Ephemera Society of the UK 25th Anniversary
On Saturday and Sunday, June 10 and 11, 2000 the Ephemera Society
of the United Kingdom celebrated its 25th anniversary. Called the
"Millennium Project" by its organizers, festivities took place at
the Hotel Russell in London.
start things off on Saturday, Graeme Gordiner and Susan Watters
of the Institute of Paper Conservation spoke to society members
about the history of paper and how to care for paper ephemera.
Graeme summarized the development of paper making from its origins
in China to modern times. He pointed out that demand for paper was
low before the advent of the printing press and that when movable
type became commonplace, paper production increased considerably.
Because printers needed more paper than makers could provide using
traditional manufacturing techniques, paper makers substituted wood
pulp for rag as the primary component of their product. Today, papermaking
is highly mechanized all over the world.
Susan then focused on the care and storage of paper ephemera. She
explained that it was best for collectors to store what they had
in acid free containers, perhaps encapsulated in an inert envelope
of Mylar. Susan cautioned against the use of glue for repairs, suggested
that graphite pencils be used for labeling, and urged members of
the audience to consult paper and book conservators about the preservation
needs of their collections.
Graeme and Susan distributed three pamphlets: a descriptive brochure
on the Institute of Paper Conservation, "Guidelines for Conservation
Framing of Works of Art on Paper," and "The Care and Repair of Paper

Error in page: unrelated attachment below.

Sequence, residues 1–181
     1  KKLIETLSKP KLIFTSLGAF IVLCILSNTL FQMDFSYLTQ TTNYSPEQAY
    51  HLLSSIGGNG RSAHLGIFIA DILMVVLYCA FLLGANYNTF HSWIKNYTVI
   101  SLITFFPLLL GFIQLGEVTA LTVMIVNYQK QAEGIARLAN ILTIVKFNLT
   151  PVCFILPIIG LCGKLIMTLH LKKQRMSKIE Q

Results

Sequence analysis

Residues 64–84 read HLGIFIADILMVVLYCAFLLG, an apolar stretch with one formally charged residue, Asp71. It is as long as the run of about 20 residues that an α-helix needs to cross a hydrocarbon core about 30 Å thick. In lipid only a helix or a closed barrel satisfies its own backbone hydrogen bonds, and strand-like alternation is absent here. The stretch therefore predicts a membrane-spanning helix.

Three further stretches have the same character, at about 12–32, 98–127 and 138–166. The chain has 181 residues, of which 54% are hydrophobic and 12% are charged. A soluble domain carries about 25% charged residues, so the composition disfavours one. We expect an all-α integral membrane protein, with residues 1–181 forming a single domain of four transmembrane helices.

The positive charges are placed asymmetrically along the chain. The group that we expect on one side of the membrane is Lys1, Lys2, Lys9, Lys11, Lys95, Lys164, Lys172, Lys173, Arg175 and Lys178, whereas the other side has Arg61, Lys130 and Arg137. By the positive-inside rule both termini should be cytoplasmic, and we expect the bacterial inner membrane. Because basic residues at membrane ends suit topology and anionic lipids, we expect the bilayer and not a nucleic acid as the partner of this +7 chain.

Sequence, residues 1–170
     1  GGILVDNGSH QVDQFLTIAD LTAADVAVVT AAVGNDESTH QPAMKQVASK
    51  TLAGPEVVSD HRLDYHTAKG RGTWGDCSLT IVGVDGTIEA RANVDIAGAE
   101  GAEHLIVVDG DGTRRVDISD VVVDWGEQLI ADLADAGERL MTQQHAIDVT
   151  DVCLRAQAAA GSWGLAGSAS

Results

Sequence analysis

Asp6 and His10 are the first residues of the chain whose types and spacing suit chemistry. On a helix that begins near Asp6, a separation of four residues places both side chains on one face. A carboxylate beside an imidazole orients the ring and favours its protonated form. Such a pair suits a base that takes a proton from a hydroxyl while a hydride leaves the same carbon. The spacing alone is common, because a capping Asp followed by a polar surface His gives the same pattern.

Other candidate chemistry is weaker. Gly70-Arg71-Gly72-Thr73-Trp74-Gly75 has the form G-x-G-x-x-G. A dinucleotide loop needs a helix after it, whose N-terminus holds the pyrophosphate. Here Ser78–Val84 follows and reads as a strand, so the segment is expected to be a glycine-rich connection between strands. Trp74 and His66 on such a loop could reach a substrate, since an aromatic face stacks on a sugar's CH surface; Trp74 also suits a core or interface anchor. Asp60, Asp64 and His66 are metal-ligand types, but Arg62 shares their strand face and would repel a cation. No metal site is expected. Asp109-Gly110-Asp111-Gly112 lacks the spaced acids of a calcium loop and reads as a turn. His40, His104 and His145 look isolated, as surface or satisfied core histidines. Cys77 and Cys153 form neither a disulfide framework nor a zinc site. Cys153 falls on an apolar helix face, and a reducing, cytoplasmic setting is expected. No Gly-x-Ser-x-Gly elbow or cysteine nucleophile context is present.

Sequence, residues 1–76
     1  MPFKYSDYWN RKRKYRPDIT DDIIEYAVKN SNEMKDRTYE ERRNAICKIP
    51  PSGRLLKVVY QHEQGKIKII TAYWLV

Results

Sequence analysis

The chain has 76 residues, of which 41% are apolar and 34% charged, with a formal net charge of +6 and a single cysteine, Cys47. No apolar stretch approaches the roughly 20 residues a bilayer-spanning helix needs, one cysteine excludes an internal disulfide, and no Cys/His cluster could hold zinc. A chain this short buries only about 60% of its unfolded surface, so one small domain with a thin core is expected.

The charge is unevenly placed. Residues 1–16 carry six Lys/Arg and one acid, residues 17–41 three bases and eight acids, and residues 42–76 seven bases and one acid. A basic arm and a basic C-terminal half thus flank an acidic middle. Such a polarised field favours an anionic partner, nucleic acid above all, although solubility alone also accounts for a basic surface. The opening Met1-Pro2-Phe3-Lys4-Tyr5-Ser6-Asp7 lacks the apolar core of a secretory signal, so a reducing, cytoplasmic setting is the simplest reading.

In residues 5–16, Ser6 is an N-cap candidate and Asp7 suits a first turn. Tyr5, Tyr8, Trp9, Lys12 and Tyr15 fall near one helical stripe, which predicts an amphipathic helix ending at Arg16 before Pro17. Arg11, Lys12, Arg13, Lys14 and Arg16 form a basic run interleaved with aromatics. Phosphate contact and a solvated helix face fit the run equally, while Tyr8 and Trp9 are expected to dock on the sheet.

Following afternoon tea, John Grossman delivered the inaugural
Maurice Rickards Memorial Lecture. John, from the United States
and a member of the Ephemera Society of America, spoke about his
collecting activities from the time he began in 1974. Among other
items, John has built marvelous collections of Valentines, trade
cards, postcards, perfume labels, paper dolls, and scrap albums.
John led those present through a portion of his holdings, displaying
colorful images and slides; discussed how he organizes what he has;
talked about his reference library; and highlighted his conservation
procedures and housing practices.
A working collection, John's assemblage of ephemera forms the basis
of a business, The Gifted Line, which creates and markets products
based on the images and designs found in his collection.
concluded his presentation with a discussion of a most special group
of items: cigar labels and art from the George Schlegel Company,
1874-1955. In addition to having a wonderful collection of Schlegel's
labels, John also has the archival sample files of the company.
Saturday evening the society held a banquet in "The Library," of
the Hotel Russell. Among those present were Ladies and Lords as
well as the rank and file of membership, including the curator of
the Wimbleton Lawn Tennis Museum, the supervisor of the John Johnson
Collection of Ephemera at Oxford University's Bodleian Library,
Canadian and American members, and collectors whose interests ranged
far and wide. After dinner, Peter Jackson, president of the society,
offered welcoming remarks, and Ralph Hyde, recently retired from
the Guildhall Library and that evening's recipient of the Pepys
Medal, acknowledged his well deserved award.
On Sunday, the society sponsored a fair at the Hotel Russell. About
80 dealers, English and American, exhibited a wide variety of goods.
English television personality Jeremy Beadle, an acknowledged ephemerist,
opened the fair with a few words.
The Centre for Ephemera Studies, located at the University of Reading,
had a table at the fair chiefly to promote a book that will be published
in September by the British Library and in the Americas by Routledge,
The Encyclopedia of Ephemera: A Guide to the Fragmentary Documents
of Everyday Life for the Collector, Curator and Historian. Written
by the late Maurice Rickards, founder and chairman of the Ephemera
Society of the UK, and edited by Michael Twyman, recently retired
professor of typography and graphic communication at the University
of Reading, this single volume will undoubtedly be the standard
work on ephemera for generations to come.
E. Richard McKinstry
[This article originally appeared in the Northeast
Journal of Antiques & Art.]